Two Coats of Paint: The Materiality of Written Language

Contributed by Heather Bause Rubinstein / Joe Fyfe’s newest series of paintings at Nathalie Karg Gallery are packed with visual, poetic and intellectual punch. Fascinated by the possibilities of collaged-together textiles, Fyfe is pushing his work into more formal complexity. Also new is a recurring textual element: hand-painted enlargements of French poet Guillaume Apollinaire’s Calligrammes.

The engagement with Apollinaire seems a natural extension of Fyfe’s long-standing attachment to French culture (symbolized by a recent two-person show at Ceysson Bénétière in Saint-Étienne with Supports/Surfaces pioneer Claude Viallat). First published in 1918 (Fyfe was conscious of the centenary), the Calligrammes feature words, letters and phrases arranged in different layouts, often creating typographic images. In effect, Apollinaire transformed his poems into complex visual collages. The printed word —the printed page—became a field of experimentation. With the Calligrammes, the standard Western habit of reading poetry left to right, top to bottom, was no longer possible. (Of course, Apollinaire was building on Stéphane Mallarmé’s radical typographical experiment Un Coup de dès jamais n’abolira le hasard, published in 1897, twenty-one years before Calligrammes.) Through his playful use of typefaces and compositional arrangements, Apollinaire created poems that had to be both seen and read. This double functionality turned the page into a sort of canvas for the poet, allowing him to express himself through spatial relationships and multiple readings.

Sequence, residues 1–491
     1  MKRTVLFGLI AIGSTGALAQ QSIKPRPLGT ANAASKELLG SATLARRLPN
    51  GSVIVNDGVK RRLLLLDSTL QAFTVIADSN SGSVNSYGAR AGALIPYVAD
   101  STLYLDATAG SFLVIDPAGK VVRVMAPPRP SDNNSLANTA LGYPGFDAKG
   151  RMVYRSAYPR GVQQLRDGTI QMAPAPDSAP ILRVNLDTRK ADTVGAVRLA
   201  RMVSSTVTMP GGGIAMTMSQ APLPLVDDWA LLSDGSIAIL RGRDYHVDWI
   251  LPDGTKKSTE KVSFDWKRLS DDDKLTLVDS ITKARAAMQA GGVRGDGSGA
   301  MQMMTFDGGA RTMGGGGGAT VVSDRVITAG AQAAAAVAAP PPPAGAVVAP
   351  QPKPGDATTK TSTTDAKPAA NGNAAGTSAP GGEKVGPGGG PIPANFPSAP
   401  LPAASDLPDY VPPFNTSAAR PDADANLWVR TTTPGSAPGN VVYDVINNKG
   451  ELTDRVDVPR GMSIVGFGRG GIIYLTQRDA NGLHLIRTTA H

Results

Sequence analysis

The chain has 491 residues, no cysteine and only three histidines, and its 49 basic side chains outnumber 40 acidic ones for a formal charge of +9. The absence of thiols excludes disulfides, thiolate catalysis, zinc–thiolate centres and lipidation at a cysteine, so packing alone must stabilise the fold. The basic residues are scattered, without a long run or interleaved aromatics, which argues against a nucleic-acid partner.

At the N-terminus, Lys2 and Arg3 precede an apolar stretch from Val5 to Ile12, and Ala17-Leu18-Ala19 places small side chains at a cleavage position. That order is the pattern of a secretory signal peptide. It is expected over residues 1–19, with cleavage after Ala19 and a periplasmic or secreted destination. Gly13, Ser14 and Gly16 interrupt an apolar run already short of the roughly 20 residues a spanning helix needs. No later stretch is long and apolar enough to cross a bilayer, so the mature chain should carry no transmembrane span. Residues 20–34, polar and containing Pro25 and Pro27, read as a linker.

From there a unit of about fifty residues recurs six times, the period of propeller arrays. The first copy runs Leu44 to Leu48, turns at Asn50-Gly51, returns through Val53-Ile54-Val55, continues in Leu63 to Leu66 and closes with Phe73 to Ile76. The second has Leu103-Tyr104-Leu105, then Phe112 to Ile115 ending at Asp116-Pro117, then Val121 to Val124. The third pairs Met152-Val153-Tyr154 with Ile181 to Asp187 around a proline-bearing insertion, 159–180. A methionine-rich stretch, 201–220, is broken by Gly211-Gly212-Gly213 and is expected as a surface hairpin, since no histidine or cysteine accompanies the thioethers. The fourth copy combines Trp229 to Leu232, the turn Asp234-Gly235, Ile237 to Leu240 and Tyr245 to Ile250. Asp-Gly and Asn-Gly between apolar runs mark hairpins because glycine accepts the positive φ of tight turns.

Fyfe echoes Apollinaire’s creation of double meanings, and on multiple levels. First, the paintings are lovingly constructed collage-paintings using bits and pieces of fabrics and textiles the artist gathered from around the world. As such, they can be read as contemporary collages repurposing present-day cultural-artifacts, while also looking back to Cubism, with which Apollinaire was so deeply involved. From this perspective, Fyfe’s paintings can be understood as distillations of 20th-century modern art and graphic design. As in some of Fyfe’s earlier work, the fabrics and textiles he folds into his paintings feature design elements that sometimes utilize text. However, with the layering of the Calligrammes onto the surface of these densely-packed compositions, something else happens as the poems take on a double role: the overlaid text unites the disparate fabrics underneath, while also paying homage to Apollinaire’s insistence on the materiality of written language, its existence as visual mark. And, of course, we can read the poems (if our French is good enough).


Ultimately, the overlaid poems are necessary to the work. Without them, the paintings risk coming across as beautiful if overly familiar examples of collage-based abstraction—instead, the interruptions, the shifts of scale and textual content from the Calligrammes propel Fyfe’s finished paintings into a privileged place, where poetry and painting fuse. Apollinaire would have been pleased.

January 26, 2019